When my 12-year-old came home from school complaining that his friend had flamed him, I quickly racked my brain for an explanation. Flamed could have so many meanings — celebrated him, injured him? Painted his face red? Actually burned him? I was at a loss. My kid rolled his eyes and explained, “Mom, it’s like roasting. He roasted me, okay?”
Scenes like this are a daily occurrence in our house, with one sixth grader and twin fourth graders who seem to inhale new slang at the same rate they inhale food during this epic growth spurt. Sick of constantly typing, “What does ___ mean in slang?” into my search bar, I decided to convene a three-person focus group of Gen Z and Alpha kids and get their opinion. (I offered some digital game coins as a thank you, of course.)
First and foremost, they let me know it was “cringe” that I was even asking them this. Cringe means embarrassing — that’s our first lesson. I had already deduced this based on context clues whenever they tell me I am cringe, but it was kind of them to reiterate it.
Here’s a little run down of my education:
I thought we were starting off with an easy one. I told them I knew this phrase, but they quickly corrected me. I was under the impression that it meant “Are you serious?” My son’s friend told me, “Ok, so I guess it technically does mean that. But we would never say that’s what it means.” No cap as a statement means, “This is legit.” As a question, it means “Are you for real?”
This is one slang word I’ve tried to work into my own vocabulary: “Come downstairs and eat some dinner! It’s bussin!” It’s usually met with more eye rolls, but I am using it correctly. Bussin means something is good or amazing. Whether or not my kids think my dinner is bussin, I don’t know.
I’m still not sure I totally understand this, even after they explained it to me. A simp, according to my kids and their friends, is someone who is acting foolish or trying too hard. The root is likely the word “simpleton,” but the meaning has changed a bit. They also say someone is “simping” when they are trying too hard. I was probably simping the entire time I conducted this slang focus group in my minivan.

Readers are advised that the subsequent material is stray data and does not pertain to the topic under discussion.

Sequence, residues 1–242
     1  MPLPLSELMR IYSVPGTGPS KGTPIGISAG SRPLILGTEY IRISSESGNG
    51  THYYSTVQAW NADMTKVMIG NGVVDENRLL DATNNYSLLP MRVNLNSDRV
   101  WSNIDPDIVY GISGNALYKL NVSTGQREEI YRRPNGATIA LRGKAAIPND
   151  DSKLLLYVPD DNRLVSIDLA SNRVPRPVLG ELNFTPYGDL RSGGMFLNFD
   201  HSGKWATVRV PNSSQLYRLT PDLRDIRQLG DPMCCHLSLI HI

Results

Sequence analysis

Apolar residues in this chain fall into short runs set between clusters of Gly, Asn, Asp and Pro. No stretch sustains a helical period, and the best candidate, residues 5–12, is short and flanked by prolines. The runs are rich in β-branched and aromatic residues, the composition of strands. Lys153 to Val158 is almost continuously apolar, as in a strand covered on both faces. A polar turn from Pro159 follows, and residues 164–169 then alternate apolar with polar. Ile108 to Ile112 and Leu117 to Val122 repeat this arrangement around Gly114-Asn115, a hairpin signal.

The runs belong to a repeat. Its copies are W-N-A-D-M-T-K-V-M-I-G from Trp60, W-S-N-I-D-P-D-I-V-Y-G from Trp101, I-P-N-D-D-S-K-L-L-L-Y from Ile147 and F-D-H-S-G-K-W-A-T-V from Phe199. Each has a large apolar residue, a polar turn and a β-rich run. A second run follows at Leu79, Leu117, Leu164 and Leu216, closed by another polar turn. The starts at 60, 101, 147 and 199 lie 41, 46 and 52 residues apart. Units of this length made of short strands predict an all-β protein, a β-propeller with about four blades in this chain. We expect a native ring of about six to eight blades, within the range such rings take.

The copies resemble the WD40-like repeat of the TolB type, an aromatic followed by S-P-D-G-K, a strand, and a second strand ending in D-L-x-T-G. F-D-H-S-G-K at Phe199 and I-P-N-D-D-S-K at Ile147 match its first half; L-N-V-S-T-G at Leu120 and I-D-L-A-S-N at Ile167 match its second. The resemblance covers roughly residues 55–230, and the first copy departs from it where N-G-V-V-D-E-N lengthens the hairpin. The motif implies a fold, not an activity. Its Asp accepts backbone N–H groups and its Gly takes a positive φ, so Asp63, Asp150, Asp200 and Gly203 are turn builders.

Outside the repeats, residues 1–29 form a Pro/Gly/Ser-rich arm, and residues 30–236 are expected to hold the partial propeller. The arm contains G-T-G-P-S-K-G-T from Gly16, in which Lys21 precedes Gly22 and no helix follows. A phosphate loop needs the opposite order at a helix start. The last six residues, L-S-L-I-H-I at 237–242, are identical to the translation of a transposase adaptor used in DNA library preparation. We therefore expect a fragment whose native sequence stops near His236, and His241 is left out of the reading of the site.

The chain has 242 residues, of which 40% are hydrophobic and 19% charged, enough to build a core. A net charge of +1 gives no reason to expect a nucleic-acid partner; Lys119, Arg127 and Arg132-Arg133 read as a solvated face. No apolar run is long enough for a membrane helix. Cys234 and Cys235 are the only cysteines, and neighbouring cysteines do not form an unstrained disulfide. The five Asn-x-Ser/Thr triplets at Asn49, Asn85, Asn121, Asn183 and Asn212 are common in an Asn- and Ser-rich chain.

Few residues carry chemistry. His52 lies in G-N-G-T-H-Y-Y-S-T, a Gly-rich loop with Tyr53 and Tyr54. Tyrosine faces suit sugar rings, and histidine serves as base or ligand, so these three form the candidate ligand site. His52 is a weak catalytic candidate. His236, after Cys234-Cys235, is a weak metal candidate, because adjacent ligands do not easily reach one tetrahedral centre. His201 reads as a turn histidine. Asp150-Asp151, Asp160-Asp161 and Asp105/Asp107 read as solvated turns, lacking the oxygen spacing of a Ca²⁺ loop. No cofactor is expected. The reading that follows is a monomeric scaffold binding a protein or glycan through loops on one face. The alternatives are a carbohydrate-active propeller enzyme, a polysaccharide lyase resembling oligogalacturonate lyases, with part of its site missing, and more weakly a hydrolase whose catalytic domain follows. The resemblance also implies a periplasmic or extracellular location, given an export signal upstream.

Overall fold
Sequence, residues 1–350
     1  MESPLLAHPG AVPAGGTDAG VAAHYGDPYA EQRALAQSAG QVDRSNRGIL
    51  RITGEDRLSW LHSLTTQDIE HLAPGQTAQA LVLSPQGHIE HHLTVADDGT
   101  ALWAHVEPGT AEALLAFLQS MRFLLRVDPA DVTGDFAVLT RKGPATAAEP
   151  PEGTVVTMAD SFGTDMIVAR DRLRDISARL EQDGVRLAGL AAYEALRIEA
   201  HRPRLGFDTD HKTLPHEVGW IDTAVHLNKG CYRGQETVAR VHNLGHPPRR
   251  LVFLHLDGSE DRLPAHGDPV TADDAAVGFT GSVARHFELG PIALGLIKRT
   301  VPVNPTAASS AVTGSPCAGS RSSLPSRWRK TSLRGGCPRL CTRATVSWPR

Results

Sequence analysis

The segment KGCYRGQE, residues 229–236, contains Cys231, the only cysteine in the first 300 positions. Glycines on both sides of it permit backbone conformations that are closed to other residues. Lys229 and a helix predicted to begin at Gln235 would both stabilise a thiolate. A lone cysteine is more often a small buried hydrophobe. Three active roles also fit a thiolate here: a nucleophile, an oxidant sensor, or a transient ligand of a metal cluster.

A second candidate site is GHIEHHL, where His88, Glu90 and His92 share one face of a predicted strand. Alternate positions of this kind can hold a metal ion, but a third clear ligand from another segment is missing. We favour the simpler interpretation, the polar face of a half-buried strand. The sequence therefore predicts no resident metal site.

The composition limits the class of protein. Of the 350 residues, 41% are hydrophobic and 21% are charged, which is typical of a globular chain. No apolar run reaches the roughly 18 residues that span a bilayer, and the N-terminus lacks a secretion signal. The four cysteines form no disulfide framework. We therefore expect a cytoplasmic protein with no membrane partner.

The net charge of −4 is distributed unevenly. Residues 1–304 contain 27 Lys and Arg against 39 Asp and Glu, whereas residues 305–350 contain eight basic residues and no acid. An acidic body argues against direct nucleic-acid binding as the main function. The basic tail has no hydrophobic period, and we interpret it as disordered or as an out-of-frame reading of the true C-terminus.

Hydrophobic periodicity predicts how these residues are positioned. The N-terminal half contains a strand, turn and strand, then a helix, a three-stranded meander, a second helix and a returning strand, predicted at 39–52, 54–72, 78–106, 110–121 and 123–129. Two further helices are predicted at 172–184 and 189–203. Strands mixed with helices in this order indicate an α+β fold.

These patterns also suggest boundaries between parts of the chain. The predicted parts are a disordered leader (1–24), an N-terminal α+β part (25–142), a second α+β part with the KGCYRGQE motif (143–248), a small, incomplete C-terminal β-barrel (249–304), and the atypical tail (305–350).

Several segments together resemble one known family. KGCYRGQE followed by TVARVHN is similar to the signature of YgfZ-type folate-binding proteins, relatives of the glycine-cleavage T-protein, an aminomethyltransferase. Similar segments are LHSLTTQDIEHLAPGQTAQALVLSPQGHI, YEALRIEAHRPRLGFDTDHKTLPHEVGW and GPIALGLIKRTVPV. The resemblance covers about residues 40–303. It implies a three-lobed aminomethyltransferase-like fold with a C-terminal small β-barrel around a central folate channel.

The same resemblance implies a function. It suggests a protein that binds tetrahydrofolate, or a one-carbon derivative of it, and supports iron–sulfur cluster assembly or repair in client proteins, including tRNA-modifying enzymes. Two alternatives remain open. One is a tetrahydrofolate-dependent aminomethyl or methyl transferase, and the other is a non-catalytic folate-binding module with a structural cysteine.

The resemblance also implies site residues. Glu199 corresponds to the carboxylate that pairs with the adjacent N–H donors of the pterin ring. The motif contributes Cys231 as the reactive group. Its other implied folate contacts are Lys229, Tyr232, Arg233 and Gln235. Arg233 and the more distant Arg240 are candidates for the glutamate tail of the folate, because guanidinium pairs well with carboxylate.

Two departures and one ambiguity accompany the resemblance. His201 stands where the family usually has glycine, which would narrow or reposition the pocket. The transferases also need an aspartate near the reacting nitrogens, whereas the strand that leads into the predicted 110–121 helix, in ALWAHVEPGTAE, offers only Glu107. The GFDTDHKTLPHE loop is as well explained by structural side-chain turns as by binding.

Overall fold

The first time a peer told my kid to, “Go touch grass,” I cackled. It sounded just like me lecturing him to get off his desk chair and go outside and see some sunshine — but cooler. This one pretty much means just what you would expect. Get up, go outside, live in the real world for a bit.
This is one of my favorite slang phrases my kids taught me about, and I’ve now adopted it as part of my vernacular. “It’s giving” is a way of describing the vibe. Use it in a sentence? “Those soaked and tattered flared jeans and cropped sweater? It’s giving major late-1900’s.”
When I found out “rizz” was short for charisma, I was hooked. Rizz was Oxford’s Word of the Year in 2023, so chances are you’ve heard your kids use it, too. As a kid I always wanted to have a horse named Charisma. I was a Horse Girl™ in my youth, but never got to name any of our horses. My kids say someone’s “got the rizz” when they are super cool. They’ve not said that I have the rizz — yet.
This may be my kids’ most commonly used slang word. As tweens with many opinions, they are sus — or suspicious — of everything: The ingredients in a smoothie, a teacher’s feedback, a friend’s excuse for not meeting up at the park or in Roblox.
I can only imagine how many new words our kids will bring home, especially given how texting and streaming fuel the use of these new adaptations of old phrases. When we were kids, we had to wait for the cool slang to trickle down from cool older siblings or cousins, but today’s kids are drinking pop culture through a fire hose, no cap.
Meg St-Esprit, M. Ed., is a journalist and essayist based in Pittsburgh, PA. She’s a mom to four kids via adoption as well as a twin mom. She loves to write about parenting, education, trends, and the general hilarity of raising little people.